2012/08/16

Too indirect legitimation

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Yesterday I pointed out issues about the accuracy of representation at the very first level - in a constituents/representatives topic.

The German political system knows an indirect election of the head of government (17 in Germany; 16 states and federal level). This has the advantage that head of government and majority of parliament are from the same coalition and parliament does not obstruct governance or deprive it of funds.

This indirect legitimation of the cabinet is semi-problematic. Germans have become accustomed to think of parliament elections as elections who shall lead the next cabinet, but this is clearly suboptimal. It decimates the perceived and actual role of the parliament in the democracy (many if not all German parliaments are obedient to the cabinets and de facto small cliques of top politicians rule while the representatives are their pawns). The other problem about it is that this indirect legitimation is quite ridiculously weak.
We cannot even be sure we get what we voted for when we vote for a party or representative. How could we assume a strong link between voting-representative-head_of_government-minister? That's three steps, when one alone is already an unreliable link.

The de facto direct election of the head of government doesn't improve this by much. Remember the green betrayal of their base with their militaristic foreign policy since 1999, the red betrayal of their base with Agenda 2010 and Merkel's many U-turns.


Reader will probably not follow me when I write that the democratic legitimation of ministers along the common route is very indirect and weak. I do suppose that the majority will follow me after this preparation when I write that the democratic legitimation of chief executives of government agencies, government-owned corporations et cetera is ridiculously weak.


One example:
An international airport, a classic case of natural monopoly for a city of typical European size. There's usually only one profitable international airport per Central European city. Natural monopolies don't belong into the market - it's better to run them publicly to avoid at least some of the monopoly issues, and a non-profit company would be the best version.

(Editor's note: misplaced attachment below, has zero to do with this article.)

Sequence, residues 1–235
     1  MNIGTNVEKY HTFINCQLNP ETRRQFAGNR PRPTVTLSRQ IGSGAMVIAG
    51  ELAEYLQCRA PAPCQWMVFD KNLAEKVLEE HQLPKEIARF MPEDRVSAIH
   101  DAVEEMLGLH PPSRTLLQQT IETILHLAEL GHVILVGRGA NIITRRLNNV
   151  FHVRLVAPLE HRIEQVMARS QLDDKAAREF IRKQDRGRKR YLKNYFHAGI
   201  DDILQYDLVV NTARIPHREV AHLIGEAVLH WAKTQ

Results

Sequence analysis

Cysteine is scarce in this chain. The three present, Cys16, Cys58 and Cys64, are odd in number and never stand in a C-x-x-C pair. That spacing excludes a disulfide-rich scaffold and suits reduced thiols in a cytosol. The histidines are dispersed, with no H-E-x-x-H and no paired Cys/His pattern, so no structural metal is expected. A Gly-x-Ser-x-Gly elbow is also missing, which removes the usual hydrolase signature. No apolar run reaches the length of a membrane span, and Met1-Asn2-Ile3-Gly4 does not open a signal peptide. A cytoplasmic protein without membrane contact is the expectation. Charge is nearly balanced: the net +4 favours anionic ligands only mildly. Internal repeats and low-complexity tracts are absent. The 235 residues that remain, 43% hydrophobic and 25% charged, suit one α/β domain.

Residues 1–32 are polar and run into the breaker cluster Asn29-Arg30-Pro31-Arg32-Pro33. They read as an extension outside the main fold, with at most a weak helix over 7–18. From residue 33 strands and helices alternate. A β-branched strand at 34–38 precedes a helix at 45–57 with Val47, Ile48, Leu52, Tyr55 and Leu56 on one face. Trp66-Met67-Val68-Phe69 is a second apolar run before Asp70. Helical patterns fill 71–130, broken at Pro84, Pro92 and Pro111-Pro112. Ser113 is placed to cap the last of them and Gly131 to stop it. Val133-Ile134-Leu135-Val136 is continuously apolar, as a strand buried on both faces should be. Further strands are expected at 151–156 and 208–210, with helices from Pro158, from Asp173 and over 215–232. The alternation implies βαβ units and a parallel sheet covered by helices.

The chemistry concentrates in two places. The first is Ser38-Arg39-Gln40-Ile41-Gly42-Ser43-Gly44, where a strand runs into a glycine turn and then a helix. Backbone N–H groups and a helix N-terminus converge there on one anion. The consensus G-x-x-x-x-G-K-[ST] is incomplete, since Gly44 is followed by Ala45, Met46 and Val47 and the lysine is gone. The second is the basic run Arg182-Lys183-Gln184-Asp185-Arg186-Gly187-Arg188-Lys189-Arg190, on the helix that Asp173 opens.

Now who would become CEO of such a publicly-owned NGO? That is usually a well-paid and important job. The airport would be owned by the people, so whoever is CEO would need to be legitimised by them.

The common path is that we elect representatives, they elect a head of government, (s)he chooses a minister whom the representatives formally accept, said minister chooses the CEO.
That's ridiculous. The end result is that incompetent party soldiers or golf buddies of the minister of head of government get the job, not a competent candidate. We Germans know how "well" this served us in the WestLB, KfW et cetera.

Isn't it obvious that not only legislators and possibly government officials, but also important technocrats from state- or federally-owned or at the very least our representatives in the board of directors (when partially privately owned) should be legitimised by public election?


There's of course even much less than a snowball's chance in hell that this will happen. It would ruin lots of cushy privileges and quasi-retirement options of the political class. Moreover, the very idea that the CEO of a nationally owned corporation requires democratic legitimation is one that's probably simply not on the public's mind. We're not ready for the concept anyway, for lots of our options to actually give our vote (such as for our representatives in the social insurances) are badly lacking interest, media information on candidates / party programs and voter participation.

This was therefore no proposal for an immediate improvement, but rather an effort to point out how much room for improvement a rather modern democracy as ours (in Germany) actually still has. Let's hope that we'll sooner or later go forward, and not stick to this unsatisfactory state of affairs forever.

S Ortmann
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3 comments:

  1. Since I am not familar with the German representatives in the social insurances could you explain that more?
    Also could you clarify the WestLB, KfW?


    Tim

    ReplyDelete
  2. WestLB and KfW were poorly-run government-owned banks which had served as extra-budget financial arm of government and had to be saved from their own incompetence during the financial crisis.
    http://preview.tinyurl.com/bsohz9u

    ReplyDelete
  3. The principal–agent problem.


    Tim

    ReplyDelete

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